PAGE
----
if ((buttonState == HIGH) && (currentMillis - previousButtonMillis <= runDuration)){
         // if the Led is off, we must wait for the interval to expire before turning it on
     if (currentMillis - previousButtonMillis <= runDuration) {

What happens if you simplify the first line to

 if ((buttonState == HIGH) {

It is usual to update the time variable after testing it - like this

if (currentMillis - previousButtonMillis <= runDuration) { 
       previousButtonMillis = currentMillis;

It may be correct not to, but why are you not doing that?

It would help if you write down in English the steps that you want your program to take.

…R

Having the same test twice was just sloppy coding to get both else statements that I now realize i don’t need. Whenever I have the line to update the variable in the loop the time stays at 0 according to serial.print and the motor stays on. When I have it update in the else statement it resets properly after the 3 seconds are up in the if part. Also I fixed the issue where it runs for multiples of 3 seconds by putting a short delay at the end of the else statement. Here’s a cleaned up version with explanations.

const int buttonPin = 9;
const int ledPin =  13;      // the number of the Motor pin
unsigned long currentMillis = 0;
unsigned long runDuration=3000;
unsigned long previousButtonMillis = 0; // time of previous button press
int buttonState = LOW;         // variable for reading the pushbutton status

void setup() {
  // initialize the LED pin as an output:
  pinMode(ledPin, OUTPUT);
  // initialize the pushbutton pin as an input:
  pinMode(buttonPin, INPUT);
  Serial.begin(9600);
}

void loop() {
  // read the state of the pushbutton value:
  buttonState = digitalRead(buttonPin);
 //create variable of total time
 currentMillis=millis();
//To make a new void part. I don't know why but it was in the example
  updateOnBoardState();
  }

void updateOnBoardState() {  
  if ((buttonState == HIGH) && (currentMillis - previousButtonMillis <= runDuration)){
      // if the button is pressed and if motor has been running for less then 3 seconds 
      digitalWrite(ledPin,HIGH);
         // activate the motor
        Serial.println(currentMillis-previousButtonMillis);
        //Display how long the motors been running
       
   }
    else {  
    //if the button isnt pressed or the motor has been on more than 3 seconds
      digitalWrite(ledPin,LOW);
      //Turn off motor
      previousButtonMillis = currentMillis;
      // Record the time the motor automaticly shut off after 3 seconds
      delay(100);
     }  }

Now the only problem is getting the motor to stop if the button is still being held down after 3 seconds. I don’t know if this is physically possible with our circuit. We have the power running through the switch to the motor with the arduino board in parallel as in this picture.

The post was to large, here’s the picture

Image from Reply #8 so we don’t have to download it (they are both the same). See this Image Guide

f212453ed12795d7385b64c3783018464e3bed41.jpg

…R

It’s a nice photograph but I can’t see its value for sorting out this problem. If you want to show us your connections then make a pencil drawing of the circuit and post a photo of the drawing.

You have this in your code

  if ((buttonState == HIGH) && (currentMillis - previousButtonMillis <= runDuration)){
   // [[....]
  }
  else {

  }

What condition is the ELSE intended to deal with? When the button is LOW or when the time is wrong?

If you are using millis() for timing then don’t also use delay()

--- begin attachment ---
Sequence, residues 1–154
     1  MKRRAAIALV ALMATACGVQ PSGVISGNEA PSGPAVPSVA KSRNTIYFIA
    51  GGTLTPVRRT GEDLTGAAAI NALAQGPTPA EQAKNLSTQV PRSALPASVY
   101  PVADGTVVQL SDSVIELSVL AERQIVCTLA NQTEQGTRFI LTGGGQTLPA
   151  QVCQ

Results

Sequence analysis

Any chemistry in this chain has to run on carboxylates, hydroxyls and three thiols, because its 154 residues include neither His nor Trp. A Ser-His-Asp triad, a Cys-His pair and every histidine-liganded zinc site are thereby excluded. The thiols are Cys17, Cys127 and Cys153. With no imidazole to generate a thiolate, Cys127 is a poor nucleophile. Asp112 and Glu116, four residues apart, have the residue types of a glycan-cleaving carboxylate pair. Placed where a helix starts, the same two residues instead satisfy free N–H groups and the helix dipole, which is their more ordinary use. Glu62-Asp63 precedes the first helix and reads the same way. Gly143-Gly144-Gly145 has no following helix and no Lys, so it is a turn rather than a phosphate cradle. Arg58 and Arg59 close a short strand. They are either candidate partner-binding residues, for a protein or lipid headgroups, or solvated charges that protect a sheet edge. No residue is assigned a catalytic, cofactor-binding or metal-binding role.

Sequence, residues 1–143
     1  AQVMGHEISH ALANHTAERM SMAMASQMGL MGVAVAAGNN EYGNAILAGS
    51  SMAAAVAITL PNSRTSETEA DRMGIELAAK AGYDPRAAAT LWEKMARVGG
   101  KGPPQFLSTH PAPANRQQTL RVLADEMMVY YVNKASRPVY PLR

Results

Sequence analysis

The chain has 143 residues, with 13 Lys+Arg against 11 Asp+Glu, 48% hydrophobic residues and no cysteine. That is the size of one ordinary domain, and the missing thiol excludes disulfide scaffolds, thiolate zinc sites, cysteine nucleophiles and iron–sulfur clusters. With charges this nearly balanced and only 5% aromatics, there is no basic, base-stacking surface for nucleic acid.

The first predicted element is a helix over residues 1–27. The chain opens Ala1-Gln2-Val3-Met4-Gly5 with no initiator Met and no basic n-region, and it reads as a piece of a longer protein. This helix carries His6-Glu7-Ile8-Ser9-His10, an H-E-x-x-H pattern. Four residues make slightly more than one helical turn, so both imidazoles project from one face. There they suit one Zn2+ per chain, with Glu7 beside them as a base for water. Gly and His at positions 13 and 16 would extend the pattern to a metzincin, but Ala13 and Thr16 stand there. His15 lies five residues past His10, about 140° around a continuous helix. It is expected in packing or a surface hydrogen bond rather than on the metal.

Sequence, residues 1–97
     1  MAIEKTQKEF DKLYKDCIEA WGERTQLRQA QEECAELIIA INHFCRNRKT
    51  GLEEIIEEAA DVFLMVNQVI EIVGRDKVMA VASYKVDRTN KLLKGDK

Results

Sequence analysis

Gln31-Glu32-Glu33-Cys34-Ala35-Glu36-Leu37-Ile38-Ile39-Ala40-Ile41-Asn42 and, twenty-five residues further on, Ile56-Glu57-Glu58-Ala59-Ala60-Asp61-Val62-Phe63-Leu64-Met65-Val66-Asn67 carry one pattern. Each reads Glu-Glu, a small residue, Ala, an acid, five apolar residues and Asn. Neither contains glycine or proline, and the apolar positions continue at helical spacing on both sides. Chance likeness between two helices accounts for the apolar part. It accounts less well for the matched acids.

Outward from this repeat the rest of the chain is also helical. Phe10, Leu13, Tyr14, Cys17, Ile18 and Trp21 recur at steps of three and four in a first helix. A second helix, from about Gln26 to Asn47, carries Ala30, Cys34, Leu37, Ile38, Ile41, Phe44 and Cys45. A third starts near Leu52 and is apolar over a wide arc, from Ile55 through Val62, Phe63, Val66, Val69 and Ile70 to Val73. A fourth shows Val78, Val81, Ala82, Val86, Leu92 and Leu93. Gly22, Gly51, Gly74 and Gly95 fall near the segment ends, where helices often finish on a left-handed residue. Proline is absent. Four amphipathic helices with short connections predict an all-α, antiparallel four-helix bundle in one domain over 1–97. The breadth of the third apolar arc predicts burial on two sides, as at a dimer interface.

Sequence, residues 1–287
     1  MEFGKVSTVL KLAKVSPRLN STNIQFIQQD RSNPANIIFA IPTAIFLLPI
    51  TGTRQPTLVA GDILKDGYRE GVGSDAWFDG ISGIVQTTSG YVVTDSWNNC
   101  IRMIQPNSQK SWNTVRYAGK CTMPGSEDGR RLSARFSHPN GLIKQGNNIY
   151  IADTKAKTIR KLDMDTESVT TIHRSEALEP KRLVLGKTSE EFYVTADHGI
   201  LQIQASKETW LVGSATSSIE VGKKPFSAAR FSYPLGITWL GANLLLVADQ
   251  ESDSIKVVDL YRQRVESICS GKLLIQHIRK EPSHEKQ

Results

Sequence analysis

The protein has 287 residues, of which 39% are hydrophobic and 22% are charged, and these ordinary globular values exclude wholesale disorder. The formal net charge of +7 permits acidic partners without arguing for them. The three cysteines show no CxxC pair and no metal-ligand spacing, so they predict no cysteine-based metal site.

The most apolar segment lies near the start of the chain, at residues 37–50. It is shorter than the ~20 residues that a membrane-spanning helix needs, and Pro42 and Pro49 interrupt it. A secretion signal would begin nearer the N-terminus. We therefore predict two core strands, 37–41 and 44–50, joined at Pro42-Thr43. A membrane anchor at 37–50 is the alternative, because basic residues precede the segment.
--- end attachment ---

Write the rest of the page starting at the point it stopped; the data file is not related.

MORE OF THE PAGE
Can you explain again what it is that you want to happen because what you have said in Reply #7 is not clear to me.

…R

The else part is to , i believe, deal with either when the button is low or the time is wrong. Because the if is only true if both statements are true either one being false will activate the else and turn off the motor. As for using millis() and delay() thats the only way i found to make it work. I couldn't make just delay do anything and just millis seems to stop the motor at random times, sometimes it stops at 3 seconds like i want, sometimes less but mostly a seemingly random high number. Putting a small delay before the code checks if there's a new input made the motor stop at 3 seconds every time.

Our end goal is to have the motor run for only 3 seconds no matter how short or long the button is pressed. The only way to get it to run again is to press the button again, releasing and pressing it if it was held down, again running for just 3 seconds and so on.

This is our circuit:

Why is pin 13 connected to GND n your diagram. You risk destroying pin 13 if you output a HIGH on it.

...R

The wire from pin 13 should be going to the other side of the motor, sorry about that.

spoc66:
The wire from pin 13 should be going to the other side of the motor, sorry about that.

That does not make much sense either. Then it would be connected to Pin 9 with a similar risk of damage.

And you should NOT be powering a motor from the Arduino 5v pin, or (even more importantly) from an I/O pin.

Post the correct diagram.

...R

spoc66:
Our end goal is to have the motor run for only 3 seconds no matter how short or long the button is pressed. The only way to get it to run again is to press the button again, releasing and pressing it if it was held down, again running for just 3 seconds and so on.

Then you need edge detection and a variable to 'remember' that an edge was detected.

Well this is a problem. That's what I've been using to test it. Once its working its going to be installed in a small electric car and using its motor and 6v battery. Should I be using this? https://www.arduino.cc/en/Tutorial/TransistorMotorControl

TransistorMotor_bb.png

TransistorMotor_bb.png

@spoc66, the drawing in Reply #11 was much easier to understand than the Fritzing picture. Please do another drawing with the correct connections. It is much too easy to misunderstand the Fritzing picture.

...R